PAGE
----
• You could be taking part in video translation, graphic design, or UX design, such as changing text to fit a page.
  • You would start by identifying what kind of resources you need to translate the content, reviewing the translations for errors, organising them into a code structure, editing dialogue boxes and buildings, and compiling and testing the software.
  • This can mean global growth for a number of amazing apps, so you would be part of something bigger than just translation.

6. Computational Linguist

  • Are you passionate about computer science, and want to help computer programmes understand human languages?
  • Combining computer science and artificial intelligence with linguistics, you could be participating in speech recognition, text-to-speech systems, instant machine translation, and more.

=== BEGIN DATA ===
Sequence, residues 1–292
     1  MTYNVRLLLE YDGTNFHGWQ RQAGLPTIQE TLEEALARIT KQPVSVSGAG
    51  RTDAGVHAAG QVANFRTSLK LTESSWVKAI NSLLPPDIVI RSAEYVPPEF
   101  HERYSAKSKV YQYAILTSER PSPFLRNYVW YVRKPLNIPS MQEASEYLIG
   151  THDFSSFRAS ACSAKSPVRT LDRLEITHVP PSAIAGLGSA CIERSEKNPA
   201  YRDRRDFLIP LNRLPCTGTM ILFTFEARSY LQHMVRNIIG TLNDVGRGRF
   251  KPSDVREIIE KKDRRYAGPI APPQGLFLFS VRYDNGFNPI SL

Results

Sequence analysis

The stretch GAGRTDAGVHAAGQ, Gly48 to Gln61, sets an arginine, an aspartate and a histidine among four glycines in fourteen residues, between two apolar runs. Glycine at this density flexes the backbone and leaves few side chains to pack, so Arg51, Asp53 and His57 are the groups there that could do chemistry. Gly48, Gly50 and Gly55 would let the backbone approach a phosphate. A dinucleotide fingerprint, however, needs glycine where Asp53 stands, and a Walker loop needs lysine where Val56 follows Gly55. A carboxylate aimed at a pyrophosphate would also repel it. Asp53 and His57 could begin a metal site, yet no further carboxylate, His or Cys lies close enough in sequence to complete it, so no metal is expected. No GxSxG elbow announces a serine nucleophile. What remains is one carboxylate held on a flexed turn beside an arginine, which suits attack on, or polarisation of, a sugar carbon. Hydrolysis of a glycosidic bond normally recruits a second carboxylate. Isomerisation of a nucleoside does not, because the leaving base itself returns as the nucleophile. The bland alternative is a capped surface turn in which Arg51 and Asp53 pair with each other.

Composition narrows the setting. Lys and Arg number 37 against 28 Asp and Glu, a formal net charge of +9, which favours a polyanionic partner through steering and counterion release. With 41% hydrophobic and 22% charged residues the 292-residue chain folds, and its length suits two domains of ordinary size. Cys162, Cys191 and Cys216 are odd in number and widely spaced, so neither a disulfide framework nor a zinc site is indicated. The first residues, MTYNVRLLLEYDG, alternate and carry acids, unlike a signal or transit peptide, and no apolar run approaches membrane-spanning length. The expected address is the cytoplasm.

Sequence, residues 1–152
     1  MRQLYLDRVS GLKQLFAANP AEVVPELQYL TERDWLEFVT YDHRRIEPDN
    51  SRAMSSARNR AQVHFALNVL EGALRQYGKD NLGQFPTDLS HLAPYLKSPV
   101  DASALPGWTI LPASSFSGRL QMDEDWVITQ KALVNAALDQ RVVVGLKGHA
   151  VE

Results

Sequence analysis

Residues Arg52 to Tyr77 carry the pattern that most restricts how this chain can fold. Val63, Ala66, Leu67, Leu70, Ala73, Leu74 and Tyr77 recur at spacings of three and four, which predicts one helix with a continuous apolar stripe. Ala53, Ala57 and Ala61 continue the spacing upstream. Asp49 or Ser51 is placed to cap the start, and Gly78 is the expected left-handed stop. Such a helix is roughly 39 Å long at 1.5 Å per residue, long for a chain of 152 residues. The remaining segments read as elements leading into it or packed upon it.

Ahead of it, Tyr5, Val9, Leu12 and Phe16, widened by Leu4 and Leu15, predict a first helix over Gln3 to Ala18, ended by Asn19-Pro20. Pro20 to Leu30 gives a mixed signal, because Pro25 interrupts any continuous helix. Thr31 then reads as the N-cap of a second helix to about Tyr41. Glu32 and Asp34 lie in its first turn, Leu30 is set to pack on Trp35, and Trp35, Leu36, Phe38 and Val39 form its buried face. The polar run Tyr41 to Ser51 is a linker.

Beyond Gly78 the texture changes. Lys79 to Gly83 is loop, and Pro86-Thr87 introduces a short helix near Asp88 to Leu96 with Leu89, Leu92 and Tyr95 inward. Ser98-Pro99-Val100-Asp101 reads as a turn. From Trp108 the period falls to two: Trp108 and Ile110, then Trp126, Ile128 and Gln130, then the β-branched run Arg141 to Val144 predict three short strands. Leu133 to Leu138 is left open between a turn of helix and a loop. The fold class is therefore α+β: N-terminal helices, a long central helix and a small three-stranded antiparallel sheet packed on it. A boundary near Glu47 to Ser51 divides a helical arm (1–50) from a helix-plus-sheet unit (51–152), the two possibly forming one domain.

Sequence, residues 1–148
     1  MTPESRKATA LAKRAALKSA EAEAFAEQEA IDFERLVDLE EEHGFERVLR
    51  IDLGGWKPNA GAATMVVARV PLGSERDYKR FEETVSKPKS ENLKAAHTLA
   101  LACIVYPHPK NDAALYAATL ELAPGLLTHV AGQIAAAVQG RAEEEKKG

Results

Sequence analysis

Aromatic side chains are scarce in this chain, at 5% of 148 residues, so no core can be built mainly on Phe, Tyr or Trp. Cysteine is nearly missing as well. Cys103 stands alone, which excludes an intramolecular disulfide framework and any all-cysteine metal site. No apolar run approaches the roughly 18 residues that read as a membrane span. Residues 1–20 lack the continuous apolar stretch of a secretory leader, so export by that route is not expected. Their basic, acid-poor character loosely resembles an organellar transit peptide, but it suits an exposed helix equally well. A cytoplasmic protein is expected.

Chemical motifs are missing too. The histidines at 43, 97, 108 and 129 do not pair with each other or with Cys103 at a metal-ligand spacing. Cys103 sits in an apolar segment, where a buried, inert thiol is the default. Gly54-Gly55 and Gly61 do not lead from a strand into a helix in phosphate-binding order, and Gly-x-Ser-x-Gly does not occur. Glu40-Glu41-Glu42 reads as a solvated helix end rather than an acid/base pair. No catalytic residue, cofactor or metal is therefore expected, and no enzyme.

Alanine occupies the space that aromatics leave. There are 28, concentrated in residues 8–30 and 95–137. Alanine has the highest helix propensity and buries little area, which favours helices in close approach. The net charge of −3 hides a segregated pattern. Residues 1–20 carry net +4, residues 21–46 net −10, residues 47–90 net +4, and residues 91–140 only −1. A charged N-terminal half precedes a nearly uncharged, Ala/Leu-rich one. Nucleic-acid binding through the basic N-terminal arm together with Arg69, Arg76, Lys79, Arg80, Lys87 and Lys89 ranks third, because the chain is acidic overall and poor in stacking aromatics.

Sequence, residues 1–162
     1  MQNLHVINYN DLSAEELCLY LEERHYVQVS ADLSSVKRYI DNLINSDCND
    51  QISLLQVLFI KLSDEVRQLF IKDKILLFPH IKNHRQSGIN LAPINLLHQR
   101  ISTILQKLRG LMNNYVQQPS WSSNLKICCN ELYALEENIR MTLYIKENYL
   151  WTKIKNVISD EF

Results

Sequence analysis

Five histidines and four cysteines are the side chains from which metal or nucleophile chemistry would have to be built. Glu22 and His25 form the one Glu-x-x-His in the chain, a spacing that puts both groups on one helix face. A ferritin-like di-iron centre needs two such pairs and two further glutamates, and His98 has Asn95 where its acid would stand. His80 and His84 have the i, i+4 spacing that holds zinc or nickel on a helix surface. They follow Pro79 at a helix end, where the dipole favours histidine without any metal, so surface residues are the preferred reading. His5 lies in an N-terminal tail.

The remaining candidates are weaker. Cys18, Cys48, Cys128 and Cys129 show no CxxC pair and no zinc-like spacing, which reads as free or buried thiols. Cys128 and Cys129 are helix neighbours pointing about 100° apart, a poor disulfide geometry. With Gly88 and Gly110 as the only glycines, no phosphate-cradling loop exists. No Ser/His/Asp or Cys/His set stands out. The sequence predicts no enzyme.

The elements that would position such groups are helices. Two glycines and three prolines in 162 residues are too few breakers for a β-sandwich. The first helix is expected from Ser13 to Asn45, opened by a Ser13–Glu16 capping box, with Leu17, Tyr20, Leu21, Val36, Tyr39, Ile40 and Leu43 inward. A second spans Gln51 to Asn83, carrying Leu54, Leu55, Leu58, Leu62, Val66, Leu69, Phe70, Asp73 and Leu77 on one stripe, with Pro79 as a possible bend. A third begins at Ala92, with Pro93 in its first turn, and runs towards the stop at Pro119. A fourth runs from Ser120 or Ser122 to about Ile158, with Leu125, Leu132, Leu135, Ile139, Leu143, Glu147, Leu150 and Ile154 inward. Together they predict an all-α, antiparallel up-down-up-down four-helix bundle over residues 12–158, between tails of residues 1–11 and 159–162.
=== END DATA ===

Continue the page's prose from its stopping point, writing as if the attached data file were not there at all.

• This makes it a lot easier for us humans to interact with many types of technology.
  • Think of chatbots and how they interpret the text we type and send, how content is filtered, or the way a machine translates written English.
  • This process can be achieved by creating frameworks for characterising different languages, such as data for language modelling.
  • Lastly, knowing C++ and Java is also an advantage.

7. Freelance Translator

  • Although many translation roles allow you to work from home, becoming a freelance translator means you have the power to be your own boss.
  • Start your own translation business, work as an independent contractor, source your own clients, and write and convert written or verbal dialogue for a business.
  • If you consider your linguistic skills to be good enough, you can build a solid portfolio and keep adding new customers.
  • Whether it is financial translation, administrative translation, or translating for television, your options are more flexible in the freelance space.
  • Choose a niche or go broad. It’s up to you.

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(Disclaimer: The opinions expressed in the article mentioned above are those of the author(s). They do not purport to reflect the opinions or views of ICS Career GPS or its staff.)